Building a New Rocket for the Nation

Ares I Launching
A concept image shows the Ares I crew launch vehicle on the launch pad at NASA's Kennedy Space Center, Fla. Image credit: NASA/MSFC

The Ares I rocket, America's next flagship in space, is now in development by NASA and its industry partners, and soon will carry human explorers and new missions of discovery to the moon and beyond. And thousands of American workers in 32 states and Puerto Rico are helping make it happen.

Planning and building the Ares I, the first launch vehicle in NASA's robust, next-generation Constellation Program fleet, is truly a national effort, supported by more than 200 companies spread across the nation from Connecticut to California. The vast majority of them support one or more critical Ares projects: the rocket's first stage, upper stage or upper stage engine.

"These contributing companies and organizations across the nation are providing critical engineering expertise, hardware and materials fabrication and testing and a wide spectrum of support services," said Steve Cook, manager of Ares Projects at NASA's Marshall Space Flight Center in Huntsville, Ala.

"Their work ensures that NASA will, in the next decade, successfully fly the Ares I rocket to orbit to support the International Space Station and send Americans back to the moon, preparing the way for rewarding new journeys of discovery throughout the solar system," Cook said.

The 165-foot-long Ares I first stage, the backbone of the integrated launch vehicle system, is a five-segment solid rocket booster derived from the space shuttle's twin boosters, enhanced and reconfigured to produce greater thrust. Burning more than 1.3 million pounds of propellant in just 125.8 seconds, the first stage will propel the rocket to an altitude of roughly 36 miles before being jettisoned. As the Ares I upper stage engine ignites, the first stage will deploy parachutes and gently drop into the sea for recovery, analysis and reuse.

The 84-foot-long Ares I upper stage is propelled by a J-2X main engine fueled with liquid oxygen and liquid hydrogen. The J-2X is an evolved variation of two historic predecessors: the powerful J-2 engine that propelled the Apollo-era Saturn IB and Saturn V rockets, and the J-2S, a simplified version of the J-2 developed and tested in the early 1970s but never flown.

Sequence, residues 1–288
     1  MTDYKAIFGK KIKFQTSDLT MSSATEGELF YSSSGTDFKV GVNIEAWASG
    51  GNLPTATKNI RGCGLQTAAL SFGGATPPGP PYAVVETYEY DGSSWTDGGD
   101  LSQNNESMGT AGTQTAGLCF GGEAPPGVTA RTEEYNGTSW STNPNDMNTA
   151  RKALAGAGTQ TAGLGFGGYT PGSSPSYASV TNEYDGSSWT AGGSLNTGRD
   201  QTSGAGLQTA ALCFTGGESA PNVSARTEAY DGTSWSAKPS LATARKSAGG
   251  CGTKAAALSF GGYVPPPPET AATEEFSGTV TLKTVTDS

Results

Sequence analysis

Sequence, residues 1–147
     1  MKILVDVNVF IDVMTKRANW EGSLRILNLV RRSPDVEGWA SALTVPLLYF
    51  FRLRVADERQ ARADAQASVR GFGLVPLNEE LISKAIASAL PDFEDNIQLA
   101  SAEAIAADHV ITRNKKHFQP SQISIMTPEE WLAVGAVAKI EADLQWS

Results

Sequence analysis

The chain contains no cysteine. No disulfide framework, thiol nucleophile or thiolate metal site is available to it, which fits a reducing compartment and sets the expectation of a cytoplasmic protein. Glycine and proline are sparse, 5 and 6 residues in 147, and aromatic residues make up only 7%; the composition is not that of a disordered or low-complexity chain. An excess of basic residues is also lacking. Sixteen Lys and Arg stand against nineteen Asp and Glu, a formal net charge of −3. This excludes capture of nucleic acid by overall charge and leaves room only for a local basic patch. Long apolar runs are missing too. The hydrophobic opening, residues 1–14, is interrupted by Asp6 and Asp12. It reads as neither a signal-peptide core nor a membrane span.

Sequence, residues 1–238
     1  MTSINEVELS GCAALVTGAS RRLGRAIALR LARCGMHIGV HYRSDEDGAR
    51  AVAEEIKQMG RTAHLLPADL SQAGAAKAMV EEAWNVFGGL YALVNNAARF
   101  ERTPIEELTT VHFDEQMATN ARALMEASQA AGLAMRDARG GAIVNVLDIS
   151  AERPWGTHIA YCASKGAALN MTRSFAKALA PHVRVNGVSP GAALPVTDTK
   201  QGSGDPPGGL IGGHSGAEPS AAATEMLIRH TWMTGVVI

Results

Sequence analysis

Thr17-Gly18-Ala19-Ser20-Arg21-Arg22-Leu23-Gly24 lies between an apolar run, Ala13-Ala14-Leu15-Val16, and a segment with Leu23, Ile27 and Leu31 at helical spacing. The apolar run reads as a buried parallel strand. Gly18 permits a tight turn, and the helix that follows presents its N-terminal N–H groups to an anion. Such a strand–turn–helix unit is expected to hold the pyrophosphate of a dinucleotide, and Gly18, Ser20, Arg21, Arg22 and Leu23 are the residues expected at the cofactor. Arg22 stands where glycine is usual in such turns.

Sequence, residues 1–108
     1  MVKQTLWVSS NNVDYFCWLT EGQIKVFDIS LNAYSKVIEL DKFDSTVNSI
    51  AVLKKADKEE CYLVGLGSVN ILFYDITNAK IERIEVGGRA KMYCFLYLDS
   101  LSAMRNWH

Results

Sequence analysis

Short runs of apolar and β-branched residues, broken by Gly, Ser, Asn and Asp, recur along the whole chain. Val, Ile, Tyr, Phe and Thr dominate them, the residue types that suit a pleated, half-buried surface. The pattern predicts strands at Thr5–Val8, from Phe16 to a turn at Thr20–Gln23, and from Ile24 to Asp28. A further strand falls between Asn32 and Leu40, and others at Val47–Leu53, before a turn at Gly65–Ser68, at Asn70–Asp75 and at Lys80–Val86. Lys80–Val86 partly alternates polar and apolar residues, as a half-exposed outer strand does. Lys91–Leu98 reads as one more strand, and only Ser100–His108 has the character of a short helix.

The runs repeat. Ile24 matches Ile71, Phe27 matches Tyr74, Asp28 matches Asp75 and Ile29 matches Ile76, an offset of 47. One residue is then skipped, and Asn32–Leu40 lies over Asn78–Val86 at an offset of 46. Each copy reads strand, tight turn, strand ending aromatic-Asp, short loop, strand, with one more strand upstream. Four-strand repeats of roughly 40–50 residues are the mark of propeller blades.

The J-2X will operate for approximately 465 seconds, burning more than 302,200 pounds of propellant, and shut down when Ares I reaches an altitude of roughly 83 miles. The Orion crew exploration vehicle then will separate from the upper stage, and its own engine will fire to insert the spacecraft into low Earth orbit. The upper stage will reenter Earth's atmosphere and splash down in the Indian Ocean.

NASA's Constellation Program fleet -- now more than four years into development -- includes the Ares I, the Ares V heavy cargo launch vehicle and the Orion spacecraft. The Ares V will serve as NASA’s primary vessel for safe, reliable delivery of large-scale hardware to space, including the Altair lunar lander, also now in development, and supplies needed to establish a sustained human presence on the moon. The Orion will safely ferry a crew of four to six astronauts to a variety of destinations in space.

The first Ares I test flight, called Ares I-X, is scheduled for 2009. The first crewed launch of the Ares I rocket is planned for no later than 2015, and NASA plans to send the first missions back to the moon around 2020.

"We're proud to help continue the nation's tradition of leadership in space," Cook said. "Since NASA's creation 50 years ago, our endeavors have yielded or inspired technology innovations that enrich nearly every commercial industry and benefit Americans and people around the world in countless ways.

"Our team effort on Ares I will continue that legacy," Cook said, "and also will help to stimulate our economy and reignite the country's passion to journey to worlds beyond our own."

Source: NASA's Marshall Space Flight Center

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Citation: Building a New Rocket for the Nation (2008, September 17) retrieved 22 February 2020 from
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